With online communication options such as Skype and FaceTime becoming increasingly popular, people can keep in touch all over the world through real-time video conversations.
These technologies can be a blessing that allows family and friends to stay connected with children who live far away. A video conversation is certainly enjoyable for adults, but are young children able to take anything away from the interaction? For example, are toddlers able to recognize a live person as the same person who is “in the computer?” Can toddlers learn new things from the person on video?
These are some of the questions that Lauren J. Myers, assistant professor of psychology, is trying to answer, with the help of EXCEL Scholars Rachel LeWitt ’13 (Berwyn, Pa.), a double major in psychology and English, and Renee Gallo ’14 (Cheshire, Conn.), a psychology major.
“We are teaching 12- to 24-month-olds new things over FaceTime,” Myers explains. “We introduce children to novel toys that they have never seen before and teach them novel names (like “wug”) and novel actions for these toys. After several FaceTime sessions in a week, we bring families back to the lab to see what the children have learned. Because we invented the toy names and actions, if a child knows what the wug is and what the wug does, he/she only could have learned that from the person on FaceTime.”
The team also observes whether children bond socially with their FaceTime partner. They give the child a choice between two people and see whether they prefer to play with their FaceTime partner or a stranger.
“This research is important for the field because developmental psychologists know that children under two years old typically do not learn from video, and screen time should usually be limited,” says Myers. “This is because typically a person on video cannot respond to a child in real time, and this interactivity is essential for early learning. Toddlers learn best from other people. If we find that children under two years old learn from a person via video chat, then that will show that video chat is more like social interaction than it is like screen time.”
LeWitt and Gallo are involved in every aspect of the project—reading scholarly articles, designing materials, recruiting families to participate from the local community, collecting data with children, coding and analyzing data, writing results, and presenting findings. They participated in more than 100 FaceTime sessions over the summer. In the fall semester, psychology majors Samantha Nussbaum ’13 (Hopewell, N.J.), Nicole Maselli ’14 (Rockville Centre, N.Y.), and Makenzie Danis ’15 (Long Valley, N.J.) joined the research team.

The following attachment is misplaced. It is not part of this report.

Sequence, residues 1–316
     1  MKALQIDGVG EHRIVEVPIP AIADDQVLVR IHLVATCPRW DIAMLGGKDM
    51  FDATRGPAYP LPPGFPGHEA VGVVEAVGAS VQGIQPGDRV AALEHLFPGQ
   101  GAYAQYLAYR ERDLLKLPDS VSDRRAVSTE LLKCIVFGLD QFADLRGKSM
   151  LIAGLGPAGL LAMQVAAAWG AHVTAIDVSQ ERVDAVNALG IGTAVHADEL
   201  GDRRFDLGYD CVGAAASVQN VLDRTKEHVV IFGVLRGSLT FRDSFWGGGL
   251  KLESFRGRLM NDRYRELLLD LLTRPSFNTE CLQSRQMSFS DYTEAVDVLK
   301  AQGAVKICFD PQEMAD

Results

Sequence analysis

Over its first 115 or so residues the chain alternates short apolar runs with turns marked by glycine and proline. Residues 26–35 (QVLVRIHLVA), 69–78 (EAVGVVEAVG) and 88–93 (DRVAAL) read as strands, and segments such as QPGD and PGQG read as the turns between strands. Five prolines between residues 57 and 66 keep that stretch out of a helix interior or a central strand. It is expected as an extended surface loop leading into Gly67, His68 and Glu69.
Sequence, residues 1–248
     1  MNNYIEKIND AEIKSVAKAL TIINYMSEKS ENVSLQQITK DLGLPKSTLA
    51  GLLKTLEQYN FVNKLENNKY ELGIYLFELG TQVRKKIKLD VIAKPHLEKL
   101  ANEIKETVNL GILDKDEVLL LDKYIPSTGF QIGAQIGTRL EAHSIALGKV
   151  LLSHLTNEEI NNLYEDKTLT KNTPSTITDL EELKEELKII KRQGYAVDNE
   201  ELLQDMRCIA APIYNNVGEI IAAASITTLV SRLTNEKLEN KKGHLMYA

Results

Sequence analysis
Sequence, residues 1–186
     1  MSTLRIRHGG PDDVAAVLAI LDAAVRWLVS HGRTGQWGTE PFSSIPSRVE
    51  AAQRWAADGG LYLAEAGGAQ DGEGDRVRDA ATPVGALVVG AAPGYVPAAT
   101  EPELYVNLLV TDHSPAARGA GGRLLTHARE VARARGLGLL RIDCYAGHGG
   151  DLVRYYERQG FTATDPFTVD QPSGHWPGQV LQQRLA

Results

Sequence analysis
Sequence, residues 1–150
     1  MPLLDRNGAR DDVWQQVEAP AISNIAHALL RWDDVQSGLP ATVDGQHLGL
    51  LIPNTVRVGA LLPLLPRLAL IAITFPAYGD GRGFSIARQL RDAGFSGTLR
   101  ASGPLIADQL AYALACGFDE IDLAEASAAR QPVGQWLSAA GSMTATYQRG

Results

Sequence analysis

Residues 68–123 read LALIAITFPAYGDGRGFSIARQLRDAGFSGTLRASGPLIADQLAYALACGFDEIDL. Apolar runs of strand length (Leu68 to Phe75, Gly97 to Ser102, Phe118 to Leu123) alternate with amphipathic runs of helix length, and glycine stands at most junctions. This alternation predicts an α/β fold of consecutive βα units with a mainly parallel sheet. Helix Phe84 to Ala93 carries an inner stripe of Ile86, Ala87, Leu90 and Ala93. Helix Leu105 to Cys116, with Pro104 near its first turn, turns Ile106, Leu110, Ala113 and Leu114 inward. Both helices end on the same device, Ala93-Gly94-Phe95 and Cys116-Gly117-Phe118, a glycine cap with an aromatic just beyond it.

“Technology is now changing the way kids grow up,” says Gallo, who plans to pursue a Ph.D. in clinical psychology, specializing in child development. “This project allows me to use empirical research to see if and how modern technology—iPads and FaceTime—can be used to teach children.”
LeWitt, who is considering pursuing an advanced degree in cognitive or experimental psychology or in linguistics, has been excited to use the techniques learned in the classroom for a project with many practical implications.
“While a good deal of my psychology major has been spent learning theories and different types of statistical measures, this research has been a novel way to integrate the intellectual components of psychology with the practical ones,” she says. “It’s been a great experience being able to engage with and tackle a few of the more recent questions emerging in developmental psychology.”
This research is ongoing and Myers and her students are looking for local families interested in getting involved. To be eligible, families must have a typically developing 12- to 24-month-old child and availability for approximately two hours over the course of one week (two 30-minute sessions on campus, and five 10-minute sessions at home). Participating families will receive $50 as compensation for time and travel. To participate, call (610) 330-5870 or e-mail email@example.com. For more information, visit sites.lafayette.edu/kidslab.